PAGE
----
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Murphy Oil Corporation (MUR), Potash Corp./Saskatchewan (USA) (POT): Not All Dividends Are Created Equal

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Guaranteed income is a creature comfort that fixed-income investors had become accustomed to before the financial crisis of 2008. In the rearview mirror, the yield on the popular 10-year Treasury was north of 5%. Unfortunately for retirees and other income-seeking investors, that percentage has crumbled under the weight of Federal Reserve purchases and has remained below 2% since the end of March 2012.

Murphy Oil Corporation (MUR)

In an environment like this, dividends can be an investor’s best friend, especially if the payouts are rolled back into more share ownership, thus compounding returns over the long term. But some investors can be blinded by high guaranteed returns and ignore the warning signs such as unsustainable payout ratios. (The payout ratio is calculated as dividends per share divided by earnings per share).

The good news is that the payout ratio of the S&P 500 constituents has come down over the past several decades. The historical average is around 50%, but a white paper by Global X Management, an ETF provider, shows that the ratio is now south of 30%.

Taking this key metric into account, I ran a screen for dividend payers in the energy and materials sector, trading on a major U.S. exchange with yields better than the 10-year Treasury and an even more sustainable payout ratio of less than 25% — lower than the S&P 500 average. That low ratio gives the following five companies a tremendous runway to boost payments in the future with a very slim likelihood of having to trim the distribution.

Sand castles
Topping my screen with a 10.4% yield and a 15.4% payout ratio is Hi-Crush Partners LP (NYSE:HCLP). Although you might be unfamiliar with this company, you’re almost certainly aware of hydraulic fracturing and its current revitalization of North American energy production. Aside from water and chemicals, proppants are one of the most important aspects of the process. They keep the fissures open after the fracturing has taken place. Without them, the tremendous production rates that fracking allows for in tight geologic formations would not be possible. That’s where Hi-Crush comes in, with its monocrystalline sand.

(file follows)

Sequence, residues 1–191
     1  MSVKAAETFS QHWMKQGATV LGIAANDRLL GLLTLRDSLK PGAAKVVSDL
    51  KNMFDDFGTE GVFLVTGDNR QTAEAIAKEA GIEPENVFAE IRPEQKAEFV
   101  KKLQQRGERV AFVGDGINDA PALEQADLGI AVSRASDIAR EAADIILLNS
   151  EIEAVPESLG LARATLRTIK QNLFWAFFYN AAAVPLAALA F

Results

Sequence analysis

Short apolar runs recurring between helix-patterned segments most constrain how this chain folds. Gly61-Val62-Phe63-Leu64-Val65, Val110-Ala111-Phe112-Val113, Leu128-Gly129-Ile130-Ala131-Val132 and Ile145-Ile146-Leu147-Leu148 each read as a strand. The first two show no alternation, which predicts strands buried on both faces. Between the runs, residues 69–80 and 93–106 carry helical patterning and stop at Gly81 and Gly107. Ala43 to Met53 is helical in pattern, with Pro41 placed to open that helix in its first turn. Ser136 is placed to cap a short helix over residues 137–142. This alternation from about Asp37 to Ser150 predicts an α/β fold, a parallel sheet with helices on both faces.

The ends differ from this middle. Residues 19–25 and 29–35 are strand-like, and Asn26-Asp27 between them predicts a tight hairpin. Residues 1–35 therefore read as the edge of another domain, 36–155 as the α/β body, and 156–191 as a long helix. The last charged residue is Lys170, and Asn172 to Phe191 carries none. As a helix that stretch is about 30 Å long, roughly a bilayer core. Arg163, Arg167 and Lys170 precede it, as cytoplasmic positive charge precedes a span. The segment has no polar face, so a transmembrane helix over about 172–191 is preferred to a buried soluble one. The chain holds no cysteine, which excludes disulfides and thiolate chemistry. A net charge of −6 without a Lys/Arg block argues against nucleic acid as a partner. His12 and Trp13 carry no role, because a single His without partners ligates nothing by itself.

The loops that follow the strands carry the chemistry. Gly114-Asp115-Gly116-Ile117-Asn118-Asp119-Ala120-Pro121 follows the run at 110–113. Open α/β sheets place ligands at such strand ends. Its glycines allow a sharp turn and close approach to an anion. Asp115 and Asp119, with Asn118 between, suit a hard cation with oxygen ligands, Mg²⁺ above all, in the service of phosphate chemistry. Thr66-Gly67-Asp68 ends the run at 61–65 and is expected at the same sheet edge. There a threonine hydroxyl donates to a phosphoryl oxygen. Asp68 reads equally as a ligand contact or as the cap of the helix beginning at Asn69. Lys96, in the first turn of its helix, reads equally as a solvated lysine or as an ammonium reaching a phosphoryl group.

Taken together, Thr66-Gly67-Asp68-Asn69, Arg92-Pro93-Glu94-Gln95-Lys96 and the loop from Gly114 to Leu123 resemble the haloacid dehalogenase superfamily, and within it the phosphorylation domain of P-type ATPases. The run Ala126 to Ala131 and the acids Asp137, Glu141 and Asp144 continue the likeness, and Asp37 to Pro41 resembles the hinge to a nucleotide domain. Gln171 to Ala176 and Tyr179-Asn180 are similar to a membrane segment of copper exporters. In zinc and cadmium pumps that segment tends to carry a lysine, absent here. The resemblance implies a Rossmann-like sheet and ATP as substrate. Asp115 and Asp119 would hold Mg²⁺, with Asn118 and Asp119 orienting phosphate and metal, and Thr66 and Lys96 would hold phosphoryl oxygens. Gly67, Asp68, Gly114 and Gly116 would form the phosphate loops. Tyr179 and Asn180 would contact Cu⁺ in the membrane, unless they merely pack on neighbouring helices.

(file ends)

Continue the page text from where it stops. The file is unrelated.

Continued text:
Although the company is relatively new, so is the explosion in fracking. Add the fact that Hi-Crush is tremendously solvent, with zero long-term debt, and that it operates with 58% net income margins in the booming demand for proppants, and investors should feel comfortable here.

Digging up yield
With its core product coming out of the earth, Tronox Ltd (NYSE:TROX) supplies its titanium ore, titanium dioxide, and other mined minerals to buyers ranging from paint manufacturers such as Sherwin-Williams Company (NYSE:SHW) to paper producers. After a rough go of it during, and after, the financial collapse, Tronox reinstated its dividend in 2012 to the tune of a 4.8% yield.

Listening to the company’s recent conference call to close out 2012, management was very bullish on the company’s current position and its ability to sate both income and debt investors. When peppered with questions, company Chairman and CEO Tom Casey showed that he was more than comfortable with the annual $1-per-share dividend and the company’s ability to take advantage of any strategic opportunities that might present themselves.

Improving liquidity and confident management bode well for this company’s future. The overall yield might deteriorate slightly if the stock price bounces back, but it should remain well above the 10-year Treasury rate, barring any change in strategy at the Federal Reserve.

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